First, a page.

Dickinson College considers removing names of slaveholders from campus

  • Rachel McDevitt

A statue of Dickinson College founder Benjamin Rush stands on campus. Courtesy Dickinson College)

(Harrisburg) — A midstate college could soon remove the names of slaveholders that are commemorated on campus buildings.

A recent report from a group of Dickinson College students and faculty detailed founding members’ relationships to slavery–including the college’s namesake, John Dickinson.

The House Divided Project identified three of them as “unrepentant slaveholders.”

John Montgomery, John Armstrong, and Thomas Cooper never freed their slaves in their lifetimes and in some cases strongly defended slavery. Dickinson and others eventually came to renounce slavery in their lifetimes.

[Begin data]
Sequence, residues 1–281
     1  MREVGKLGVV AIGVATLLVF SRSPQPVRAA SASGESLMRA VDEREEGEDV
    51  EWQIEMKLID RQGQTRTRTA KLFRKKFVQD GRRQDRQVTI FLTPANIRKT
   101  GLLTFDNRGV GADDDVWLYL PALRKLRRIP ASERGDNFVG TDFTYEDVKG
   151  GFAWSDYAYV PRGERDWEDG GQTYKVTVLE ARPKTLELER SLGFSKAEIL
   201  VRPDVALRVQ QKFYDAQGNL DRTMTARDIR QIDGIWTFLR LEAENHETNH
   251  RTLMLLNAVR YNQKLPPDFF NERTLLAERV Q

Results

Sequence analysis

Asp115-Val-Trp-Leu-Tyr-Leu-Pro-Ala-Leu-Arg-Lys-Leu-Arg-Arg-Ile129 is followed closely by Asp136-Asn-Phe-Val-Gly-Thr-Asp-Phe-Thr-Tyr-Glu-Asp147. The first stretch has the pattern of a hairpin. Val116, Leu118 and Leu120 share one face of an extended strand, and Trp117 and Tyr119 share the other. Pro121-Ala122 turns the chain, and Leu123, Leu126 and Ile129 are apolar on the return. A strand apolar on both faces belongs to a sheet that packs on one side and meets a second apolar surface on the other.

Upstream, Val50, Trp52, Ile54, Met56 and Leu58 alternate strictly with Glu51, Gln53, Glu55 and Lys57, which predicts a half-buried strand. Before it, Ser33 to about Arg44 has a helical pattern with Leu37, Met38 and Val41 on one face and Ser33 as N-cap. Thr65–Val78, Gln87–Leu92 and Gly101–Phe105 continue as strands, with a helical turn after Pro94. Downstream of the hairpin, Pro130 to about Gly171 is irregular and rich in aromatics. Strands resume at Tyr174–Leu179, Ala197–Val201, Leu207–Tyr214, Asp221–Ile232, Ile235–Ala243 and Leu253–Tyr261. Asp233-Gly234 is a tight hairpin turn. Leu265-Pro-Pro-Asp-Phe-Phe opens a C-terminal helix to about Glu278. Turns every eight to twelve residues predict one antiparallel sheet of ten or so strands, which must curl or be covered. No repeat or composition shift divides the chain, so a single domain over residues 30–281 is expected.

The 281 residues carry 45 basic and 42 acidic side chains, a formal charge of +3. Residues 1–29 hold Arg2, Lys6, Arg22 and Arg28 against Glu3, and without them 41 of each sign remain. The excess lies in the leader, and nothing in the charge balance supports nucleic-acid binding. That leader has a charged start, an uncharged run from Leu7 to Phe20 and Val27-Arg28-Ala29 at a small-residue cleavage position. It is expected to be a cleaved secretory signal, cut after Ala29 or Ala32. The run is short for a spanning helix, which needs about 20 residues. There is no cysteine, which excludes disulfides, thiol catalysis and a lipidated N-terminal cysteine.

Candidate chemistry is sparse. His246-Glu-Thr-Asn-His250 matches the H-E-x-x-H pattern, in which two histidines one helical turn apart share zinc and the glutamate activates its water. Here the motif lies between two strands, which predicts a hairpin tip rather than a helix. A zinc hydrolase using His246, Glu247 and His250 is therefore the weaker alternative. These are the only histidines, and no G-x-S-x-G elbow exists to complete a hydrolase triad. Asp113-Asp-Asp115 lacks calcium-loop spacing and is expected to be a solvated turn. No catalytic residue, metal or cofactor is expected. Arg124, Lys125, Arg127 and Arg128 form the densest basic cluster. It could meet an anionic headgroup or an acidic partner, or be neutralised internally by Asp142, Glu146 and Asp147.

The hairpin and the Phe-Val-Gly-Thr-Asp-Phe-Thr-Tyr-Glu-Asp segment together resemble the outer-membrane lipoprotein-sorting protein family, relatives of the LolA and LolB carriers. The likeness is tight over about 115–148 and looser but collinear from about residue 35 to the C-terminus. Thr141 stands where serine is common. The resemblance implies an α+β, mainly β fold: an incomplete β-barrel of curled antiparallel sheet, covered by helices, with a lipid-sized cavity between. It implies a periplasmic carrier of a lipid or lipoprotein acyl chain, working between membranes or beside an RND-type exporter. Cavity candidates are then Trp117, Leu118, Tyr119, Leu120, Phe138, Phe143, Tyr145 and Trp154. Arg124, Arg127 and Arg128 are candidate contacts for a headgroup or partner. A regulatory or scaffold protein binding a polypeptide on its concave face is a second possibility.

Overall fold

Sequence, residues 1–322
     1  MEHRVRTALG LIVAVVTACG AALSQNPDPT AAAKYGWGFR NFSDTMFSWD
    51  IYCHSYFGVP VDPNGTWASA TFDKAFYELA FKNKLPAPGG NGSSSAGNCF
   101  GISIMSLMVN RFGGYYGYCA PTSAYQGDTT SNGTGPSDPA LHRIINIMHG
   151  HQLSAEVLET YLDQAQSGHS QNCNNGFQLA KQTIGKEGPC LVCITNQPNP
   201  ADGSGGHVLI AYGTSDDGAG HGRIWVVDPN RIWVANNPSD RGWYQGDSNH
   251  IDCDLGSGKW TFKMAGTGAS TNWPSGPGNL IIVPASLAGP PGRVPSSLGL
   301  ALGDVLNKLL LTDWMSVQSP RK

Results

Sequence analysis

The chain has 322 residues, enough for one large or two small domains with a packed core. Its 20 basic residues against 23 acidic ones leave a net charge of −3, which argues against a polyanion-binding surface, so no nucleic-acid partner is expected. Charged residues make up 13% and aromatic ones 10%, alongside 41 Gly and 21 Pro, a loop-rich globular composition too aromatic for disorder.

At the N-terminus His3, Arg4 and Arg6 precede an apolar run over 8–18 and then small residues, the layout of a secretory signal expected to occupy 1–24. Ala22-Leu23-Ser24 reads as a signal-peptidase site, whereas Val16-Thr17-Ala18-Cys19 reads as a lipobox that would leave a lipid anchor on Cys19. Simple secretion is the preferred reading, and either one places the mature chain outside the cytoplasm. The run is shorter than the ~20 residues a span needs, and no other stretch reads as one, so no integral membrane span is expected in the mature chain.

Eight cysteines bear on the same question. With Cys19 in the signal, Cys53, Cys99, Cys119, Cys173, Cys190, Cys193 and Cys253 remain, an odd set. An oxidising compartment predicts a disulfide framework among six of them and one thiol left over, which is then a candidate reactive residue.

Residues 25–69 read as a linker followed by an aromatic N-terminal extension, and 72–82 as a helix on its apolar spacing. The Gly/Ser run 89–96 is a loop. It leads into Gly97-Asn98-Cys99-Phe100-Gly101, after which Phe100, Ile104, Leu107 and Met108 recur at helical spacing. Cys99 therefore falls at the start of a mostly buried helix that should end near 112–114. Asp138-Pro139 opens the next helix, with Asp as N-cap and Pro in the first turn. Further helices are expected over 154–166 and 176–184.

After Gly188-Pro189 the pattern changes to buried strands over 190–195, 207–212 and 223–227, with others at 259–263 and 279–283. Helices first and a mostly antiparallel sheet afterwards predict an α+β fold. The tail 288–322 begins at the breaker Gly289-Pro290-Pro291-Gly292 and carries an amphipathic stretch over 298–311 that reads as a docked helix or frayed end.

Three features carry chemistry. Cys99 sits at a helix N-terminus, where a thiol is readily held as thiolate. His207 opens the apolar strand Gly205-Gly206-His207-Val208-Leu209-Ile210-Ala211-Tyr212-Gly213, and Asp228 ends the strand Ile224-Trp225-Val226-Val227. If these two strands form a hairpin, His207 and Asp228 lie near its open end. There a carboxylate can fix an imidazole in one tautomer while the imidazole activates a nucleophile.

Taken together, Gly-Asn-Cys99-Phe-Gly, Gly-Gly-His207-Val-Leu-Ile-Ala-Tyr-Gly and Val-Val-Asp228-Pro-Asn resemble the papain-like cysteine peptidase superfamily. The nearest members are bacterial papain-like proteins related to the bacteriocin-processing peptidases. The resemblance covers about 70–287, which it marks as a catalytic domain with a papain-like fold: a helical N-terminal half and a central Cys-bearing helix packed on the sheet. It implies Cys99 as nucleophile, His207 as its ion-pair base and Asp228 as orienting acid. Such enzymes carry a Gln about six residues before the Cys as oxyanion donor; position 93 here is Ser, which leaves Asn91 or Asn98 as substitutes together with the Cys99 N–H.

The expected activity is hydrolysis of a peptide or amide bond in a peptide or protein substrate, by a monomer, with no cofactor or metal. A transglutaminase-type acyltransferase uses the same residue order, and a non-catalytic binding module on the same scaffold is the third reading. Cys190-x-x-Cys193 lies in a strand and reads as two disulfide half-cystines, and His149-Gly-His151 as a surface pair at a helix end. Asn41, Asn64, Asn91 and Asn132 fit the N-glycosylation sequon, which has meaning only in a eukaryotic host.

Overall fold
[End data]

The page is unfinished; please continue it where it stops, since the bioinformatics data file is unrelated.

Project director and history professor Matthew Pinsker said Montgomery, Armstrong and Cooper’s names were added to buildings on the Cumberland County campus as recently as the 1990s without much consideration.

He’s now on a committee assembled by the college that will look at the report and decide if those three names should be removed.

“And then, if they should,” said Pinsker, “would it make sense, would it be a powerful symbol to rename them after three former enslaved people who were important to the college’s history?”

One example is Robert Young, one of the college’s longest-serving employees who helped integrate the school.

“The school had no public memory of that at all,” Pinsker said. “So, that’s history that’s been erased.”

Pinsker said the group could also look at the best ways to commemorate historical figures.

The committee should have a recommendation for the board of trustees in January.

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